A social media marketing lesson from that Guardian piece on Facebook politics

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So this month the world started to change, potentially irreversibly. D.J. Trump, multi-billionaire, business mogul, reality TV star, and patriarch, will be sitting in the White House’s Oval Office by mid-January, taking up his position as the world’s most powerful man, AKA President of the United States.
It’s the kind of situation that could only really come about when an electorate really, desperately, truly wants some kind of change from the status quo. Trump is an outsider, a real divider, a guy that you either love or loathe, with no middle ground. In fact, according to vox pops in the run up to voting day, both he and his rival, Hilary Clinton, were the least popular presidential candidates in the history of presidential candidates. The majority wanted neither, but had to take one.
Supporters on both sides would probably contest this, which brings us to the subject of today’s blog post. The Guardian recently published a fascinating article, Bursting the Facebook Bubble, wherein they asked self-described liberals and conservatives in the U.S. to swap Facebook feeds for 48 hours. A pair of false accounts were set up, one right the other left wing, each following relevant news agencies and websites, then right wing voters were given the left wing feed, and vice versa.
The results were not particularly shocking. Whether pro-Trump or well-up-for-Clinton, people viewed the other side of Facebook, the opposing ideology they suddenly had access to, as horrific, dangerous and filled with hate. A small number said looking at their enemy’s rhetoric online had impacted how they would vote in the future, with even less admitting this exercise had made them consider their own standpoint on politics.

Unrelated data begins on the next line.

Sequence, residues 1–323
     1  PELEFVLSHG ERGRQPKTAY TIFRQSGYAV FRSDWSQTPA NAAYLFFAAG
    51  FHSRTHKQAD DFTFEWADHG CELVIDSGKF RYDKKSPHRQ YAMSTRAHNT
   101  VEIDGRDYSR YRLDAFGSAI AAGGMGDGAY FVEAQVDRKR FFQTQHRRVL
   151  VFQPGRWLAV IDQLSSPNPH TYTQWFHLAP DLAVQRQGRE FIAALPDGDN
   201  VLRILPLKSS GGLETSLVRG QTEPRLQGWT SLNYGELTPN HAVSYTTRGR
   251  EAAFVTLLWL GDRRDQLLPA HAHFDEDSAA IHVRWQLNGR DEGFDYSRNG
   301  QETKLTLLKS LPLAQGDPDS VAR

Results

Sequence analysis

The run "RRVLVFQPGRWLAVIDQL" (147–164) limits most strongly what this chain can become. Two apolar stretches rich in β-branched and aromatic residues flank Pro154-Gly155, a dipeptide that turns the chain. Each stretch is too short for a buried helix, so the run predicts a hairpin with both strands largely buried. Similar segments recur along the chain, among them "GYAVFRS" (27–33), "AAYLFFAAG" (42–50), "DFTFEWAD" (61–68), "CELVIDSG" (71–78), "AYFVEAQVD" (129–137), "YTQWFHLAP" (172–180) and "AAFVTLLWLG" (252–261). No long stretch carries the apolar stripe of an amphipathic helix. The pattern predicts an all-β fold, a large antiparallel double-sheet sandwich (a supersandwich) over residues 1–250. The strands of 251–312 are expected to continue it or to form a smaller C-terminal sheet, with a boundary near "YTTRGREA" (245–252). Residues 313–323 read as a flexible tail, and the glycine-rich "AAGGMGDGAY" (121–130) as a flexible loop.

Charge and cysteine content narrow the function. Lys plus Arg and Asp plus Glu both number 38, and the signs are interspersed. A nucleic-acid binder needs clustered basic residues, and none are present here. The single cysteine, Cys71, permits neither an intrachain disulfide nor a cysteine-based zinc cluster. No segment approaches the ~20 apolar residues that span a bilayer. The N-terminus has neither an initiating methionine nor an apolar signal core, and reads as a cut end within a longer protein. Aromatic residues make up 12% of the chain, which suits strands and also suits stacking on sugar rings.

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The fundamental reason why this test is relevant to us is because it’s a great example of the ‘echo chamber effect’. The jarring impact of suddenly seeing things from the other side of a coin proves that when we look through our own feed it’s usually reassures us we are already right.
Platforms like Facebook have allowed us to disengage from debate by surrounding ourselves with only those who share our viewpoint. And the same can be said for products, services, and businesses. It has long been the case that organic reach on Facebook is comparatively useless up against sponsored stories- this is how the platform makes a substantial amount of money. But less is said about the difficulties in winning over a new audience as a company, within the echo chamber context.
Cutting to the chase, perhaps a few minutes too late, organic dissemination of your campaign or message is becoming increasingly unreliable beyond the audience already captive, even on networks that don’t have such a terrible rate of organic reach, because of how social media algorithms work- what people are shown is based on already established interests, rather than new ones.
Relying on word of mouth only has a chance of working when you are content with those you’ve already won over, then. Once you’re looking at expanding that audience and growing the community you should probably be looking to, and calling in, expert advice in order to strategise, plan and implement a genuinely effective approach to modern online salesmanship.